Many people have asked me over the past couple of weeks if I’ve read Michael Pollan’s new book “Cooked.” I have not had a chance to read it yet, but lifestyle blogger Starre Vartan reviewed “Cooked,” and she says that the argument Pollan makes in the book “is definitely convincing.”

What’s the argument he makes? Pollan made an appearance on “The Colbert Report” recently to discuss that.

When it comes to your food, it doesn’t get much more simple than “who is cooking it?” Pollan’s assertion that if a “human being is cooking for you, and not a corporation, you’re fine” makes a lot of common sense. Of course that doesn’t mean if a human being is taking frozen pizza rolls out of a box and heating them up for you, it’s fine. There’s a difference between cooking and heating up. Cooking uses raw ingredients and uses them to create a meal.

After reading Starre’s thoughts on “Cooked” and watching Colbert’s interview with Pollan, “Cooked” is going on the to-be-read pile. I’m also even more convinced that teaching my sons to cook is incredibly important. I’ve wanted to give them the skills so they can help out now, cook for themselves when they’re adults, and never see cooking as just the woman’s job. Now it seems I can add Pollan’s reasons for the importance of teaching them to cook to my list.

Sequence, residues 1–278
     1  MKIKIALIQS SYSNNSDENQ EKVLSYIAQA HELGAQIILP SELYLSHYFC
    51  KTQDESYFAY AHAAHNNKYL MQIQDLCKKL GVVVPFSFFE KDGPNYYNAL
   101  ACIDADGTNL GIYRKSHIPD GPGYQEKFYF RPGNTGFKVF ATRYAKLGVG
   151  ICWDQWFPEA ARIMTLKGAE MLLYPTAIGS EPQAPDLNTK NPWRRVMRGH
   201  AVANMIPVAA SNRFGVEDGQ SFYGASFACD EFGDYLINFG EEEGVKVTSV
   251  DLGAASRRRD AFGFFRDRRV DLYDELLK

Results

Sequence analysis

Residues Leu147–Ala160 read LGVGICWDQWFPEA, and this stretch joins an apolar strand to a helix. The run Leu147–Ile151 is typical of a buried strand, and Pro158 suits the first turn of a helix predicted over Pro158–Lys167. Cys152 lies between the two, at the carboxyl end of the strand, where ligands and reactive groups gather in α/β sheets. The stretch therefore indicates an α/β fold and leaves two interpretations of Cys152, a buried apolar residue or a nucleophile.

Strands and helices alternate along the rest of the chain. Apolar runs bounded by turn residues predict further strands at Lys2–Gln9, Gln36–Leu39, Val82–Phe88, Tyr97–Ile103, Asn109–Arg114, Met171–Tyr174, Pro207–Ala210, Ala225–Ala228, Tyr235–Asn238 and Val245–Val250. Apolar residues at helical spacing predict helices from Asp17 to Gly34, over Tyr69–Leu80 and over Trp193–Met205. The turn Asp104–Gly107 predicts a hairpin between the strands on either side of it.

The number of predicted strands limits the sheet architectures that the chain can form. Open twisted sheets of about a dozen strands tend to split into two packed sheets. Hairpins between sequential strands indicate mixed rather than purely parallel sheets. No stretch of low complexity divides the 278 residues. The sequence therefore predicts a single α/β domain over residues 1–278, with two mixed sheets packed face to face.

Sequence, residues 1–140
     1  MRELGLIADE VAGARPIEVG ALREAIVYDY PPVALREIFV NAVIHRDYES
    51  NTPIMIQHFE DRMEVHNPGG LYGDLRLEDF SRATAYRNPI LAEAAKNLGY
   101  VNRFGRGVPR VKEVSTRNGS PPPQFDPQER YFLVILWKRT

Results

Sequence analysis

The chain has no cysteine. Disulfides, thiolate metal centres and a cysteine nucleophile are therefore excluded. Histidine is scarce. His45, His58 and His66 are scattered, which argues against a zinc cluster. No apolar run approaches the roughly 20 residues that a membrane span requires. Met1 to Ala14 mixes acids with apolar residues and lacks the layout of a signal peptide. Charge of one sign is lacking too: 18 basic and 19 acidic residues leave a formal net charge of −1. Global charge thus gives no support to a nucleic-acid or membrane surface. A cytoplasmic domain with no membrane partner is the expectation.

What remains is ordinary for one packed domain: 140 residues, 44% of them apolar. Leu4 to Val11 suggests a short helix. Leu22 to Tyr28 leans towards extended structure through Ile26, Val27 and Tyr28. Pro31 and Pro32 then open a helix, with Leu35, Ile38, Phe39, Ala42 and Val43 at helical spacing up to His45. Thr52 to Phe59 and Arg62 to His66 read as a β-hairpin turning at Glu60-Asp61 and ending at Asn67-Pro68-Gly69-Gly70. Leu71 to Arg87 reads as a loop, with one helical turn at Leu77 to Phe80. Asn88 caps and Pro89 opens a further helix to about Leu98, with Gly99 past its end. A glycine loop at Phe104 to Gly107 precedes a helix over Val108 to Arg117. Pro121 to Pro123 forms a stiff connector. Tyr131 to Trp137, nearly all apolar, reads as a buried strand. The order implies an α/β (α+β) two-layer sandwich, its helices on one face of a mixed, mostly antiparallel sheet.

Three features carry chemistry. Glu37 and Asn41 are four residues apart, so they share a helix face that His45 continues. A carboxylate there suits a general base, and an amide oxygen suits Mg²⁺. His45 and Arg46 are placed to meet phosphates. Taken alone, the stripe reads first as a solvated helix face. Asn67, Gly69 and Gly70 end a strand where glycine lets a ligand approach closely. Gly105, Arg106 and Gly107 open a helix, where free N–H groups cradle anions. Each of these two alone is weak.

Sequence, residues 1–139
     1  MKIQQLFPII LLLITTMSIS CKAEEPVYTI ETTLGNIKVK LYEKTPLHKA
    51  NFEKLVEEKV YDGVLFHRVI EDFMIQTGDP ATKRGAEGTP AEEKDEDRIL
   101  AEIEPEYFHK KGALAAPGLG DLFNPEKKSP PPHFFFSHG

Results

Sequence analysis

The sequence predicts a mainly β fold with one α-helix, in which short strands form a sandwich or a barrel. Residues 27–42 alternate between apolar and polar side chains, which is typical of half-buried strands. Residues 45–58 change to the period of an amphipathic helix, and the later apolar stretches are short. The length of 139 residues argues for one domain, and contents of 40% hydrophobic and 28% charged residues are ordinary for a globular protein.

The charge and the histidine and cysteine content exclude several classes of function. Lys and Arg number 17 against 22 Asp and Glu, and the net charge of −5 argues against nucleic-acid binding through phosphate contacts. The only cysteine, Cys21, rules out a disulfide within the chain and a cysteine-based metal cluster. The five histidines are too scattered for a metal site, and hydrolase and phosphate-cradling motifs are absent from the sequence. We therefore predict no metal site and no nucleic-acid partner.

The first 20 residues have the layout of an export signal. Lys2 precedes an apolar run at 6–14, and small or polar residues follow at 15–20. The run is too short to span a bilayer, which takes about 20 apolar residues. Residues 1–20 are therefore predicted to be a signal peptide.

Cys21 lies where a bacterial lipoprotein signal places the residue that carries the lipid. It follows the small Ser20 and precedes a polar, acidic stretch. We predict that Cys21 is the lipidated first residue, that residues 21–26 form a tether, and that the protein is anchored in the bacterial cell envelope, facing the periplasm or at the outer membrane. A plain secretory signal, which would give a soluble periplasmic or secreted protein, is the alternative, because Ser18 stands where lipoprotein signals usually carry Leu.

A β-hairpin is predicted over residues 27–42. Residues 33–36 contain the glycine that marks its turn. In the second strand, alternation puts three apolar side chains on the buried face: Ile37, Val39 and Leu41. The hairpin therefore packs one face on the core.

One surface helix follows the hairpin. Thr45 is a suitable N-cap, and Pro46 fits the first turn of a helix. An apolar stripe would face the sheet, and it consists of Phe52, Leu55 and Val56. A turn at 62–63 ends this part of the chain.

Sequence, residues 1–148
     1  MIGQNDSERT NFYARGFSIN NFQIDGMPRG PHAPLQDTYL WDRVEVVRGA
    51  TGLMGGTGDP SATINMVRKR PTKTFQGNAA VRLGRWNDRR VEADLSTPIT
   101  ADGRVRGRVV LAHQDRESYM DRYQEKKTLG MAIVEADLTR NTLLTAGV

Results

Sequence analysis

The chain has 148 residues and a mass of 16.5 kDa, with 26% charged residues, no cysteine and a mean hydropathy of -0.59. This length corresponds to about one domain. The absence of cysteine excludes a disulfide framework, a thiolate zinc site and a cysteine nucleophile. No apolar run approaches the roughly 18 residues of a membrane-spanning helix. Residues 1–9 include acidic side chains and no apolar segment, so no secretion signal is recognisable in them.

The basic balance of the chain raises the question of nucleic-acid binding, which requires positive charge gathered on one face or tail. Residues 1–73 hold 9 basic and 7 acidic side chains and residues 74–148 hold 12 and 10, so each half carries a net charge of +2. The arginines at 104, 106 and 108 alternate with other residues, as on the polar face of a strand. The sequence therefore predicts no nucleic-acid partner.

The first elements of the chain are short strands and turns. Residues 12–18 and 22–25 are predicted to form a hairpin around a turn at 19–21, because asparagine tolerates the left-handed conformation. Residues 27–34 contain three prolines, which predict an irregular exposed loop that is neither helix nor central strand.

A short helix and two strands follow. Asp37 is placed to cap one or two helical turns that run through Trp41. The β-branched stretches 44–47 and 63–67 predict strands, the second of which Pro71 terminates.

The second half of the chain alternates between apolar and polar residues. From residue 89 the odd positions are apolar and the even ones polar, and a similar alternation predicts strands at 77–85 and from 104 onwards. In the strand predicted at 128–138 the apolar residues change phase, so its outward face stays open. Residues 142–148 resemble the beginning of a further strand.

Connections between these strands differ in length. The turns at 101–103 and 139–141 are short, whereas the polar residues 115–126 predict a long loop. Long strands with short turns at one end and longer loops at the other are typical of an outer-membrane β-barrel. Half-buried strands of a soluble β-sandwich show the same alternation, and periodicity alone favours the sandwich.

As an aside, I love that Pollan admitted that he has what Colbert called a “shame food.” Whenever I learn that someone like Pollan will once in a while grab something like a box of Cracker Jacks, his confessed “shame food,” I always feel better about he imperfections in eating that happen in my family. 

Robin Shreeves ( @rshreeves ) focuses on food from a family perspective from her home base in New Jersey.

Michael Pollan discusses 'Cooked' on 'The Colbert Report'
Stephen Colbert cuts through the “locavore flim flam” to find out what is at the heart of Michael Pollan’s latest book.